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Shakespeare meets Yolanda


By Rica Arevalo

Set in two far-flung continents, The Tempest Reimagined is the magical play of William Shakespeare interweaving with the massive destruction of typhoon Haiyan (Yolanda).  This one-hour-and-a-half classic Shakespeare play adapted to Filipino is a collaboration of the Philippine Educational Theater Association (PETA) with the British Council, the Royal Academy of Dramatic Art (RADA), and The Japan Foundation Manila.   UK-based Nona Sheppard directs and co-writes the play with Liza Magtoto.

The play starts with a powerful storm in a remote island concocted by a commanding wizard, Prospero (CB Garrucho) with the help of Ariel (played by spirits) to control his daughter Miranda (Yeyin Dela Cruz) and to seek revenge against his sibling for throwing him out of the city he ruled.

Survivor Gabe Mercado plays Gonzalo in The Tempest Reimagined

Survivor Gabe Mercado plays Gonzalo in The Tempest Reimagined

We sat down with Gabe Mercado who plays Gonzalo and Papa Bonsto to discuss his first Shakespearean play and his first PETA stint.

 “The most important factor is Nona Sheppard, associate director of RADA,” says Mercado. “When courses are offered here, they are always sold out and very expensive!  I jumped at it because I was getting an education in Shakespeare from an expert in Shakespeare. I love the process.”

Sheppard did her research by visiting Leyte and interviewing the Yolanda survivors. “She started with physicality.  It made our bodies embody the text rather than be conscious with pronunciation.  She tried as much as she could to work individually with actors.  She also brought a vocal coach who would also help us with the emphasis and text reading.  It was a beautiful process,” he adds.

Practicing improvisational theater for more than 15 years, Mercado is the founder of Silly People’s Improv Theater (SPIT).  He recalls their daily physical rehearsals:  “I think the best analogy—it’s as if I went to the gym.  Sometimes you hate the gym but you feel new muscles are coming out that you never thought you had before.  It was a mixture of feeling good and giving up but always, you’re thankful after.”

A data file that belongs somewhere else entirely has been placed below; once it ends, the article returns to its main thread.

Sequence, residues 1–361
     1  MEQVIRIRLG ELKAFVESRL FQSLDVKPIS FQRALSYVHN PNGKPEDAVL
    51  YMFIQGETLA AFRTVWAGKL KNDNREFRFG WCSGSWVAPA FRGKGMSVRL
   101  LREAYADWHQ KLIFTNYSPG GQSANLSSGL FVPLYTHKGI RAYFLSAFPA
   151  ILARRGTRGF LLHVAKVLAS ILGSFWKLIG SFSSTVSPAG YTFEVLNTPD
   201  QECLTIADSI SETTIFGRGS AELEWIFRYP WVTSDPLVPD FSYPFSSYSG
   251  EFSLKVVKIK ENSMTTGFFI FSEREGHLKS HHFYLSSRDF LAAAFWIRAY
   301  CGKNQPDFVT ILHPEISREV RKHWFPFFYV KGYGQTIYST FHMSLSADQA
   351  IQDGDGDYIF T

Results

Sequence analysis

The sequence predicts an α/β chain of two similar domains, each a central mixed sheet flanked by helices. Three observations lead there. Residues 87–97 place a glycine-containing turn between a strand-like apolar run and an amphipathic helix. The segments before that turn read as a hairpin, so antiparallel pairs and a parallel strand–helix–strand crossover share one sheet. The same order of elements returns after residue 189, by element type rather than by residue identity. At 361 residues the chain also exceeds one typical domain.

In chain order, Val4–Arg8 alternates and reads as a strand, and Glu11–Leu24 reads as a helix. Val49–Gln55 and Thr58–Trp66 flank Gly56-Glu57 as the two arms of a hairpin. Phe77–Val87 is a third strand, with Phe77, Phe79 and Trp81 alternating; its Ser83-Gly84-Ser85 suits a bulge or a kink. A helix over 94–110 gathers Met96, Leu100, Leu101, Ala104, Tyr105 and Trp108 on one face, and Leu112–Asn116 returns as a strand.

The commanding wizard Prospero played by CB Garrucho

The commanding wizard Prospero played by CB Garrucho

To guide the audience, a fisherman (Norbs Portales) narrates Shakespeare’s The Tempest and adapts it in the local setting during the Yolanda rampage.

 “I think the best thing is it brings both to life! Tempest seems to have relevance—it is one of Shakespeare’s lightest works,” says Mercado. “It’s whimsical, it has fantasy, but it also has messages about the ideal society, the ideal government.  I love how that played so well with the experiences in Yolanda.  There were issues of governance, both local and national. It did not make Yolanda a victim of sad, sobbing stories.  The characters are all alive because of the process.  They all became natural, hindi pilit.  My character is based on a real-life Yolanda survivor. ”

The 44-year-old actor started theater in grade school at Southridge.  While at Ateneo, he was a Fr. James Reuter “baby,” performing and touring the country.  Although his roles are mostly comedic, he has done serious acting, too.  “I have always thought of myself as an actor but I accepted the label comedian because it makes people remember you. Even in my college days, I would do roles that would require seriousness. Tom Hanks started as a comedian. I wouldn’t mind having that kind of career trajectory.”

The pinnacle of Mercado’s television career was hosting the ABS-CBN news and public affairs show, Noypi! Ikaw Ba ‘to? He became popular in a TV commercial delivering the line, “Ok ka ba tiyan?”

 “I have moved away from television and movies,” he confesses. “I don’t accept unless a super good role comes in.  It treated me well but I am not excited anymore.”

Mercado put up Third World Improv, the country’s first school on improvisational theater.  “It’s doing well. We not only teach performance but also the corporate training. One restaurant, for example, wants us to train the staff to be naturally engaging.  I like it because it’s sustainable.  I go home at 6 p.m.  I like it that way.  No hard feelings but I do not like the set up of three times a week of non-stop taping. You don’t get to sleep properly.  I become grouchy and I do not like myself being grouchy.  I’ll go with what makes me happy.”

So why should people come and see The Tempest Reimagined?  “It’s an easy watch.  It’s entertaining. It says something. And it’s Shakespeare!” says Mercado.

Performances are ongoing at the PETA Theater Center until Dec. 4.   Call TicketWorld 02 8919999 or visit

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